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Grove Karl Gilbert (1843–1918) began his work in professional geology in 1869 as “local assistant” on the newly established Second Geological Survey of Ohio (the “Newberry Survey”). He worked without salary but received $50 per month for expenses. Gilbert investigated Williams, Fulton, and Lucas Counties, the three most northwestern counties adjacent to the Michigan State line. The area extended from Indiana on the west to Toledo at the western end of Lake Erie. His originality, analytical power, and clear verbal and graphic exposition, which were the distinguishing characteristics of his work throughout his career, are completely exhibited in this his earliest work, published in nine articles and reports from 1871 to 1874.

Gilbert’s maps of glacial geology of Williams and Fulton Counties are noteworthy for their detail and accuracy. He was the first to discover and map the major end moraines of the Maumee basin, from east to west (youngest to oldest): the Defiance, Fort Wayne, and Wabash Moraines. Gilbert found that the drift sheets of the moraines were actually multiple and that the uppermost drift was draped over a core of older material, a concept not to be widely recognized until almost 50 years later! Gilbert discovered the continuity and mapped the beach ridges now called, from highest to lowest, Maumee, Whittlesey, and Warren.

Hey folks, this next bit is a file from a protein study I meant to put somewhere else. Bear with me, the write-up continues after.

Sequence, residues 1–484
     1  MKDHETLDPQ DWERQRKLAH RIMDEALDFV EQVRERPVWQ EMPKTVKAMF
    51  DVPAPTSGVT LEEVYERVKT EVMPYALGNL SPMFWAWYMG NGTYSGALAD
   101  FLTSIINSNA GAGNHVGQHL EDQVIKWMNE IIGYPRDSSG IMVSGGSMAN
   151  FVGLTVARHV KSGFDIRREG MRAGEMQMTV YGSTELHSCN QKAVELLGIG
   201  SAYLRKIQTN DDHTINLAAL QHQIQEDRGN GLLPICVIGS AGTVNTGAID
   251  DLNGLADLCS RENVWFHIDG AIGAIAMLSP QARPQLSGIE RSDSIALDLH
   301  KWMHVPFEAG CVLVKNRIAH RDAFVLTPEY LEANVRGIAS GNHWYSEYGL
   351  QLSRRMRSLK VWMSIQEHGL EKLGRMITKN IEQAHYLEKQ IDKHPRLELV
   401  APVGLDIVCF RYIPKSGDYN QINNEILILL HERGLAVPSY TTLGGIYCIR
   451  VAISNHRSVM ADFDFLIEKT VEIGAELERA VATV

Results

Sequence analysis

After distinguished work in the West from 1871 to 1881, Gilbert returned to the East and, among other projects, began to study the glacial geology of New York, especially Niagara Falls and the Lake Ontario raised beaches. In his classic study of the origin and retreat of Niagara Falls, he concluded that the Horseshoe Falls had retreated at the rate of 5 ± 1 ft/yr.

Gilbert’s other work in the Ontario basin was on the uplifted shorelines of Lake Ontario, the character and amount of their later tilting, and the surface features and drainage channels of the Rochester region. He was impressed by the boulder pavements in the till and by the evidence of glacial and postglacial folding and faulting, on which he published several papers.

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